Europe soon took notice, and newly promoted Ligue 1 side Le Mans would eventually bring him to the Old Continent in January 2006. In his one full season in France, in 2006/07, he was the club’s top goalscorer with 12 goals. In keeping with his journeyman career, he was soon ready to write his next chapter. A €5.6m transfer to Wolfsburg was completed in August 2007.
VfL Wolfsburg remain a controversial club in Germany. Most professional sides in the country comply with the 50+1 rule, which means that no individual can own a majority share of a club. Each outfit is, theoretically, run by the fans, with every member having a vote on all-important matters. Wolfsburg are one of the exceptions.
The car conglomerate Volkswagen, from which the club was born, have funded Wolfsburg for more than 20 years, meaning they have the right to a controlling stake. With such a huge company and considerable funding behind them, they are perceived as a threat to the traditions of German football.
This, however, hasn’t made them particularly successful. Founded in 1945, they spent most of the 20th century in the Oberliga Nord, the amateur third division in Germany. They weren’t promoted back to the 2. Bundesliga until 1992, a level they hadn’t played at since the early 1970s. They enjoyed some moderate prosperity in the 1990s, reaching the DFB-Pokal final in 1995, before they were promoted to the Bundesliga in 1997.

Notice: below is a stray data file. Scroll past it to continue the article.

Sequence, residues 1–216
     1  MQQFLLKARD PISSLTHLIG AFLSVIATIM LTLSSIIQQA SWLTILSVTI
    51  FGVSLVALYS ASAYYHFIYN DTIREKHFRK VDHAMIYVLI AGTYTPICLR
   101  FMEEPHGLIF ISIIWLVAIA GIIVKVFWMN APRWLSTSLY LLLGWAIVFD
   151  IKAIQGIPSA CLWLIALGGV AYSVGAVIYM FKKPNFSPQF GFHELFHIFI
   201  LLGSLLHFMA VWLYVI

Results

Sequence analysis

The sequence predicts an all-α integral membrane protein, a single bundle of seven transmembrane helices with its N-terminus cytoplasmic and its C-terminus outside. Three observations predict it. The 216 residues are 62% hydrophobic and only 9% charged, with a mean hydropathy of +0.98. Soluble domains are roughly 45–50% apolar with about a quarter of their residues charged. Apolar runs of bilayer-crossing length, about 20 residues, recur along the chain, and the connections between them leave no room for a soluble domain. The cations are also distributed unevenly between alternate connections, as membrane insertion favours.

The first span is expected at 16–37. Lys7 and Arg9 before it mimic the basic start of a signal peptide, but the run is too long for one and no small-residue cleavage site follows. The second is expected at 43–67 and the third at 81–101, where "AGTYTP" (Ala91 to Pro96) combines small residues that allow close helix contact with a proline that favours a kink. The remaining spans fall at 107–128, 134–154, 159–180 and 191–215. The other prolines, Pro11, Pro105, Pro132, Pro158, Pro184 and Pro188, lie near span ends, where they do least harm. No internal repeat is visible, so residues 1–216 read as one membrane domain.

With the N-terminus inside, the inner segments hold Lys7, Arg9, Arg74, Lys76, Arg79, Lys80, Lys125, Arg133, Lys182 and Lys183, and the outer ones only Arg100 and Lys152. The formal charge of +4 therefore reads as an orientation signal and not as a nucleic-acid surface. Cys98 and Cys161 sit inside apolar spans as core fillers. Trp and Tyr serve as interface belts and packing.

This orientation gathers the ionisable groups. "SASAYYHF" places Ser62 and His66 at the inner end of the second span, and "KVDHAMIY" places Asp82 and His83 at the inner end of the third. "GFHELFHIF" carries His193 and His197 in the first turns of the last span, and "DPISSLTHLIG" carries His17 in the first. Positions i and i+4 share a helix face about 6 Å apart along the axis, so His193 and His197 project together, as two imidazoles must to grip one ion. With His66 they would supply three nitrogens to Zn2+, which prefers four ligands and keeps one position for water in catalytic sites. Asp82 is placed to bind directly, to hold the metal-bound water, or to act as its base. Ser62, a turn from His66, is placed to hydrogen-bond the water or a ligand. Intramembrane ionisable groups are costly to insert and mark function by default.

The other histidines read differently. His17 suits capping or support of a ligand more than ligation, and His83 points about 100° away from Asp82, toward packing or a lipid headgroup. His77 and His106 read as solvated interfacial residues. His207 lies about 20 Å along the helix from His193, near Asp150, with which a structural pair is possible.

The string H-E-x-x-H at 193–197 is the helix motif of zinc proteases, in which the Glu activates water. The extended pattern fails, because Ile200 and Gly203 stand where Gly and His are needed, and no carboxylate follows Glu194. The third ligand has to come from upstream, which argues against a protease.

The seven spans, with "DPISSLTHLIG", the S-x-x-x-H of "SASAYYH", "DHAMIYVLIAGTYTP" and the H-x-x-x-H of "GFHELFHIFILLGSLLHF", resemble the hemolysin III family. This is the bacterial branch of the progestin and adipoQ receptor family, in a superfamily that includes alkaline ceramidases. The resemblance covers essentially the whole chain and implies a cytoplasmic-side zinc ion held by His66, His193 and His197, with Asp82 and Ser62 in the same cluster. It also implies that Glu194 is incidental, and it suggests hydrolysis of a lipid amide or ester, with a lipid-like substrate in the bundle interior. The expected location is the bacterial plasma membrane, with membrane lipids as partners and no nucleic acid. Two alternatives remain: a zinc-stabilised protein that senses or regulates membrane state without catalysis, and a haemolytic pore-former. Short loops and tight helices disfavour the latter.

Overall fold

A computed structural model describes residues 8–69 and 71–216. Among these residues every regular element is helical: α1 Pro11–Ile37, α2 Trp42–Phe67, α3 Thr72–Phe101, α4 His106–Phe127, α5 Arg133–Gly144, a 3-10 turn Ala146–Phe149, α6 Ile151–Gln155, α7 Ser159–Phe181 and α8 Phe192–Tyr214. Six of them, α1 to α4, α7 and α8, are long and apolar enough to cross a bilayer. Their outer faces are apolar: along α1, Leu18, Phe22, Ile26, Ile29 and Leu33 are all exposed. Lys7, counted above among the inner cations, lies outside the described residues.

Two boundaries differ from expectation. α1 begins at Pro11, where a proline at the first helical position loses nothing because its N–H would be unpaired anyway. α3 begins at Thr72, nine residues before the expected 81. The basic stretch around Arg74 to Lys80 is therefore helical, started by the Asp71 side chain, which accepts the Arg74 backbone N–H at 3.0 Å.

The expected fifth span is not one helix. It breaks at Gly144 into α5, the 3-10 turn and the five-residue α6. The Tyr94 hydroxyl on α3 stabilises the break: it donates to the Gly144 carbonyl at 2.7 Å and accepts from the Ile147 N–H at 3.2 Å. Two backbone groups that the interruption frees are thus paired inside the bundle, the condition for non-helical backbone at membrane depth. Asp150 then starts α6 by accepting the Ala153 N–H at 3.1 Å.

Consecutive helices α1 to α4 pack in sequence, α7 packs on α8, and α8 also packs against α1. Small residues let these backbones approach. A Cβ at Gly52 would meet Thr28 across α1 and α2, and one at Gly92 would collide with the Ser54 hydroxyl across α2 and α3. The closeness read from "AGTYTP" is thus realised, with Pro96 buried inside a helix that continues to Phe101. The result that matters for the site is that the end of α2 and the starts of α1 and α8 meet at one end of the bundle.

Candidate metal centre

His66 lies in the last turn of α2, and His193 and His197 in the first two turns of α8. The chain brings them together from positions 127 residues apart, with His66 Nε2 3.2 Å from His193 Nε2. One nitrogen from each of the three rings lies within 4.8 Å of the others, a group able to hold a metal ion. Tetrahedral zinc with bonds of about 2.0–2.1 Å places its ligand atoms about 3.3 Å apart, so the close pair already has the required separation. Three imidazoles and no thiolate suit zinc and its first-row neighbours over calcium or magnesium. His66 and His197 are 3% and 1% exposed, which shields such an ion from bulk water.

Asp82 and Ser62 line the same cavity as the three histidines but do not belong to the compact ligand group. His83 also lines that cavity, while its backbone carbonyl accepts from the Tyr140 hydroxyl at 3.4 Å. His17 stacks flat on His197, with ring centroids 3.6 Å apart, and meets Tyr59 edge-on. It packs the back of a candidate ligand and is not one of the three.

Despite the general consensus tipping them for immediate relegation, they developed into a mid-table side. They even reached the UEFA Cup in 1998, with a run to the Intertoto Cup final in 2003 amongst their other notable performances. The 2005/06 and 2006/07 seasons were less promising, however. Two 15th-place finishes saw them narrowly avoid the drop, and it seemed their time in the Bundesliga was coming to an end.
Step forward Felix Magath. The former Bayern Munich manager took the helm in 2007, doubling the role with that of director of football. Considered a coup, he joined the club after winning five trophies with the Bavarian outfit. In 2007/08, Wolfsburg would qualify for the UEFA Cup for the second time in their history.
That year would be Grafite’s first with the club and his 28 games in all competitions produced 12 goals. His arrival would coincide with a number of others as Die Wölfe looked to back their new manager. Josué, Ricardo Costa, Edin Džeko and Diego Benaglio were hardly household names when they joined, however; nor were Zvjezdan Misimović and Christian Gentner, who came in at the start of the following campaign. In fact, only Andrea Barzagli, who had been part of the Italy squad that triumphed in the 2006 World Cup, stood out as anything close to a marquee signing.
The 2008/09 season wouldn’t get off to the most explosive of starts. They would win just four of their first 10 matches and, with half the season gone, they sat in sixth place.
The same couldn’t be said of Grafite, however. Despite playing in just 13 of the first 21 matches, he still managed 12 goals. He formed a formidable partnership with Misimović and, most importantly, Džeko, who had scored 10 by the same point, although he played in every encounter.